Osteoporosis is often either the primary or secondary priority in women over the age of 60. It should however be a consideration for all women (and men) from their 20’s. As this is where we have the best chance to create the largest base in bone density, to prevent the effects of osteoporosis in older age.
There are 2 major areas we treat as physiotherapists in regards to osteoporosis.
- The first are the direct effects, helping to improve bone density. Previously we thought that weight bearing exercises could ‘hopefully’ reduce the rate of loss in bone density as you get older, but couldn’t stop the decline. More recent studies have shown (and we have seen first hand), that by adding classic strength and conditioning exercises such as deadlifts and squats into your regime (especially combined with osteoporosis medication such as Prolia) can improve bone density. Age is not a limiting factor and even women in their 80’s and 90’s can lift weights to improve bone density.
- The second way we can help, is to deal with the change in activity level due to osteoporosis. The reduction in bone density/weakness usually leads to less activity, which ultimately results in weakness, poorer muscles, injury and further weakness. We can start to reverse this trend. We do this by both addressing the weakness and dealing with the injuries due to the weakness, such as back pain and hip issues, our role is to make you stronger and be able to do more things without restriction.
The biggest misconceptions about osteoporosis?
- Osteoporosis can’t be helped – This used to be the case, but with better medication available (such as Prolia) and our knowledge about weight-bearing exercises, this is no longer an inevitability. Firstly, talk to your doctor or specialist about regular testing for markers of osteoporosis and make sure you have regular check-ups. Secondly, see your physiotherapist or exercise physiologist about starting a regular and progressive, weight bearing strengthening program and work on the things you can control about your bone density.
• Osteoporosis is a problem just for women – Over the age of 50, up to 1 in 4 men can have osteoporosis. This is not just a “female” problem and unfortunately, men can find out they have osteoporosis only after they have broken a bone. Although men tend to have a larger base of bone mass than women, they do not experience the acceleration of bone loss that happens after menopause (due to lower estrogen levels). After the age of 65, the rate of decline in bone mass in men is the same as for women, so it is important to get regular checks by your doctor and continue to work on your bone density.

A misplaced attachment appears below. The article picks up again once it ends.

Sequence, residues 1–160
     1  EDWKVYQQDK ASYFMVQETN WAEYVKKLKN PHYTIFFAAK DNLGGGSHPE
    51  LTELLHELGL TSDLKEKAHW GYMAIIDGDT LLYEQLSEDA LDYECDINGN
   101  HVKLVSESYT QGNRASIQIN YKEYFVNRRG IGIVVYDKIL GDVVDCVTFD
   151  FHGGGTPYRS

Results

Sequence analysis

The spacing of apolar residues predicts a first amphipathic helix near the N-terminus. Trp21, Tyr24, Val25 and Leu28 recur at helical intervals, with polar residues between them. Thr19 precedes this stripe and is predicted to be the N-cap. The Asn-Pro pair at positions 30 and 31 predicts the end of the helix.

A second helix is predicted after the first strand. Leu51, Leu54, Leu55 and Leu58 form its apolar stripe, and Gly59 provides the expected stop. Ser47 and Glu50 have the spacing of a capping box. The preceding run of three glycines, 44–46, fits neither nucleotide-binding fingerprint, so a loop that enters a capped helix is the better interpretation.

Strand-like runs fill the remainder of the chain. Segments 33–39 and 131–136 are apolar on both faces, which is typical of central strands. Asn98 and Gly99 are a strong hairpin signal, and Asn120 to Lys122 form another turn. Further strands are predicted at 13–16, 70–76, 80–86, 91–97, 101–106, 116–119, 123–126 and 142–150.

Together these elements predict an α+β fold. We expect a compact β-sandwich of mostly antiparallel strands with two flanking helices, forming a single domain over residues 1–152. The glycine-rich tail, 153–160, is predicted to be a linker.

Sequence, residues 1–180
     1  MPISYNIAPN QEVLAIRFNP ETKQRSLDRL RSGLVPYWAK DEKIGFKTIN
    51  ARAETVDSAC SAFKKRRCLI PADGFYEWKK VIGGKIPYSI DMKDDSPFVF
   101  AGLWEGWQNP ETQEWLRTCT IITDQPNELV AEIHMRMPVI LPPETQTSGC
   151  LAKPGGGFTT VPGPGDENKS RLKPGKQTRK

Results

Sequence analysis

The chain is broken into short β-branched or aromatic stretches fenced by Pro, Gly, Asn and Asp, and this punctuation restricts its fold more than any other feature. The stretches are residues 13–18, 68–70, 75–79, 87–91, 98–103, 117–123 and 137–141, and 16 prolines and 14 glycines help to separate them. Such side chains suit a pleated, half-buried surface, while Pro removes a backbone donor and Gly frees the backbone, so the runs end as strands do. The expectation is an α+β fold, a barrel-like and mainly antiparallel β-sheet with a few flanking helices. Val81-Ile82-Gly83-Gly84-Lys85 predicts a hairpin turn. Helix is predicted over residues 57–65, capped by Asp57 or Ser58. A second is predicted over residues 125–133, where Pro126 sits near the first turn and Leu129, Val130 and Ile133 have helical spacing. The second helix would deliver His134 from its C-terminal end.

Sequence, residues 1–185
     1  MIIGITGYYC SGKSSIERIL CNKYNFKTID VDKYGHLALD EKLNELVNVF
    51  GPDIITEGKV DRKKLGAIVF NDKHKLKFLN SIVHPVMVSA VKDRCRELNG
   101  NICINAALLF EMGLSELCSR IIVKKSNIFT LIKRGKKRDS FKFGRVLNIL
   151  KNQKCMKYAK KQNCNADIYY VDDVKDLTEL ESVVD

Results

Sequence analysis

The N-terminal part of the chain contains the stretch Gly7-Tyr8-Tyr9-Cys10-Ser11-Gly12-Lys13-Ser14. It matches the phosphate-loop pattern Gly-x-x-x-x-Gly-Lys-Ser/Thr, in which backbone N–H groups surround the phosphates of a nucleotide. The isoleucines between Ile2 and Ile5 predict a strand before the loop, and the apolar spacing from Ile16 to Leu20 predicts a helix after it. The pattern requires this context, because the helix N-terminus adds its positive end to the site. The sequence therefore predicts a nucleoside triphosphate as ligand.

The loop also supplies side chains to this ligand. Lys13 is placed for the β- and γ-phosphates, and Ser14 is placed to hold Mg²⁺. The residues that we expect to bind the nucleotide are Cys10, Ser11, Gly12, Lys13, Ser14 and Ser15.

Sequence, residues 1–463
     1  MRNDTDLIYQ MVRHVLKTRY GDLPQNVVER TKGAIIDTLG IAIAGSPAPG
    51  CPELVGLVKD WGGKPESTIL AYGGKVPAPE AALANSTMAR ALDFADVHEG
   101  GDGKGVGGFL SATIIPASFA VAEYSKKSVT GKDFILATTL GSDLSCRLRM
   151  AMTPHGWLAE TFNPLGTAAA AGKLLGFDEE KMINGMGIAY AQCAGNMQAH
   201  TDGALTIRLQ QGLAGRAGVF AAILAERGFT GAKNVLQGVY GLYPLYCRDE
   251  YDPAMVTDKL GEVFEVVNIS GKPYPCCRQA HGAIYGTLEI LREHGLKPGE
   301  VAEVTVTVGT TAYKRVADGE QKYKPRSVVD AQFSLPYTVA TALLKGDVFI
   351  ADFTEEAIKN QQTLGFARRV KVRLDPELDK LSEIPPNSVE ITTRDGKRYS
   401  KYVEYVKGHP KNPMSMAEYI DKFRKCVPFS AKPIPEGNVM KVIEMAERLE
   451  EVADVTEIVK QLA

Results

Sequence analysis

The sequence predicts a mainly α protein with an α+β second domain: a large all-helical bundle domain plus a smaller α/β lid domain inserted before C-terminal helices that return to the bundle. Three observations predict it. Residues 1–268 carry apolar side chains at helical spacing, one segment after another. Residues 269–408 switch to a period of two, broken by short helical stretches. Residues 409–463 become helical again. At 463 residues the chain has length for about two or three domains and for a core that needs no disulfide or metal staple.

What are the risk factors of developing osteoporosis and what can be done?
There are many risk factors for osteoporosis, some under our controls and some not.
Risks not under our control:
• Being female and post-menopausal (Better Health Channel, 2020) – Menopause causes a reduction in your regular levels of estrogen which is important for maintaining normal both health
• Chronic diseases – Such as thyroid disorders, rheumatoid arthritis, liver, kidney disease and issues affecting the bowel and digestive system all effect the absorption and ability for your body to use calcium and other nutrients to maintain and improved body density
Risks that may be under your control:
• Lifestyle changes – such as adequate calcium intake (1000mg per day and 1200mg per day for women over 50 and men over 70), Vitamin D intake, smoking, excessive alcohol and caffeine intake are all factors we can control and change to both change the risk of and reduce the progression of osteoporosis in our lives
• Weight-bearing exercise – Making weight-bearing exercises, in particular lifting under the guidance of a qualified physiotherapist or exercise physiologist, 2-3 times a week that uses most of the major muscle groups is not only the standard recommendation by the American College of Sports Medicine, but also the best option for managing osteoporosis.
The 2 most important first steps in helping to manage osteoporosis is:
1) Get it assessed – See you doctor and find out where you stand and start managing the risks you can control.
2) Start weight-bearing exercise – You can take a pro-active step in improving your bone density and reducing your risk of osteoporosis effecting your life or lifestyle
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